Adopting an Effective Spearfishing Buddy Protocol

Unfortunately we are losing too many spearo’s to shallow water blackout. Fortunately it is a problem easily rectified by good spearfishing buddy protocol. Here are my tips for being a good buddy.

One up,  one down – cornerstone of spearfishing buddy protocol

One up, one down is the cornerstone of good buddy diving. When one diver is on the bottom, the other is on the surface watching their buddy. Watching your buddy on their ascent is crucial. This is where the dreaded shallow water blackout can occur. Look for any unusual signs in their behaviour, particularly poor coordination. Being on the surface also means you are on the surface to provide a second shot should they need it after they surface safely.

One up one down is the cornerstone of good buddy diving. Spearfishing Buddy Protocol

Don’t rush your Buddy

Surface interval is one of the most important aspects to diving well. Relaxing on the surface with good breathing technique is the key to getting better and longer dives. As a buddy, it’s your job to look for hazards so your buddy can completely relax. Never rush your buddy and don’t be tempted to dive out of turn if a big one comes cruising through.

Don't rush your buddy's breathe up and don't be rushed. Spearfishing Buddy Protocol

Don’t rush your buddy’s breathe up and don’t be rushed.

Don’t dive out of turn

If your buddy can’t trust you because you snake their fish, they’ll never fully relax properly during surface intervals and then competition begins and team work flies out the window. Emanuel Bova from Manny Sub gets into an almost sleep like relaxed state on the surface before diving. I’d imagine that’s difficult to do if your dive buddy is bombing your fish every time you close your eyes. Don’t dive out of turn and wreck the system.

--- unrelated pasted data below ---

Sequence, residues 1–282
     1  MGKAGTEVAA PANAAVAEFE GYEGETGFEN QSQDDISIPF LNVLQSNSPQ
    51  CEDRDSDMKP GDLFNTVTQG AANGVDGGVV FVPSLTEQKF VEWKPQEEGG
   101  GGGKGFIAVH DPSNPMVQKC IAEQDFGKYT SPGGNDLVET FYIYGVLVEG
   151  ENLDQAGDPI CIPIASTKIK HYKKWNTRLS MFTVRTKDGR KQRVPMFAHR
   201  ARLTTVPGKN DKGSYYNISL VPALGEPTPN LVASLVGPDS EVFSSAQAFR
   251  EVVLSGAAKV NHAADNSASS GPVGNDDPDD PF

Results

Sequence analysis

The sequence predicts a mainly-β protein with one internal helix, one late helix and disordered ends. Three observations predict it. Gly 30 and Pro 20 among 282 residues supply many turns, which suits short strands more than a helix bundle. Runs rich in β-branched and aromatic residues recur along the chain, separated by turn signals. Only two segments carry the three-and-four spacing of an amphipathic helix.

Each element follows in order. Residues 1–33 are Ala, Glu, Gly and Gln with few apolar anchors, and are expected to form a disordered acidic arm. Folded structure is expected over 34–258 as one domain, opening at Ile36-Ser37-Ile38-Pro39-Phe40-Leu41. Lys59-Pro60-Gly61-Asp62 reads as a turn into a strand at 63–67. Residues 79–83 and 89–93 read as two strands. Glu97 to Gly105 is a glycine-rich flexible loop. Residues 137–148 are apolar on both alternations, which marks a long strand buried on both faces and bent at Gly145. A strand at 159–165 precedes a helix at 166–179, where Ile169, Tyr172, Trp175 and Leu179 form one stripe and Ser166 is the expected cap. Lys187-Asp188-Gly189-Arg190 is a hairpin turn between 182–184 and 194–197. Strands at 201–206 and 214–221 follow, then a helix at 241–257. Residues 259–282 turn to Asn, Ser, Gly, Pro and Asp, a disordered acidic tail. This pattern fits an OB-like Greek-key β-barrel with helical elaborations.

Surface Protocol

Shallow water blackout can occur after a diver has surfaced. This means that if you’re not watching your buddy, they can pass out and slip away. Wait for your buddy to surface, complete their hook breaths and give the all clear. Ben Choi experienced this while spearfishing in Texas but fortunately for him his buddy knew what to look for and came to the rescue.

Shrek surfaces and is about to start his hook breathes while Ben and I watch on. Spearfishing Buddy Protocol

Shrek surfaces and is about to start his hook breathes while Ben and I watch on.

Stay close

If you’re not close to your buddy then you may as well not even be there. If something goes wrong you need to be there as quick as possible, preferably within arms length. Strong currents and bad visibility make it even more important to be close to your buddy if something goes wrong. Adopting a firm spearfishing buddy protocol is not rocket science, stay close!

Don't swim away from your dive buddy. Spearfishing Buddy Protocol

Don’t swim away from your dive buddy.

Rescue and recovery

Shallow water black out is quite confronting. I’ve only witnessed Samba episodes a couple of times. The first time it took me a second for me to realise what was going on and react. This happened during static training in a pool and my partner exhaled whilst his face was in the water. He then managed to pull himself out of the pool and start spasming looking somewhere between a midnight oil music clip and an outtake from the Exorcist. The second time I witnessed Samba was after a swimmer surfaced and then preceded to sink back into the water. Fortunately the second time I was ready for it.

Lets not forget – good buddies bring spare buffs. Check out this pack.

The main things I took away from both encounters is how quickly blackout happens and also that if you’re more than an arms reach away, you’re useless to your buddy.

Can’t stress enough how important doing a free diving course or joining a free diving training squad is, if only for the safety and recovery training.

Stay safe and look after your mates. If you have any further tips for good spearfishing buddy protocol let me know in the comments.

Cheers,

Turbo

Written by Turbo

Turbo

With his background in Environmental Science and passion for the marine environment, Turbo offers a unique and often humorous insight into Spearfishing.

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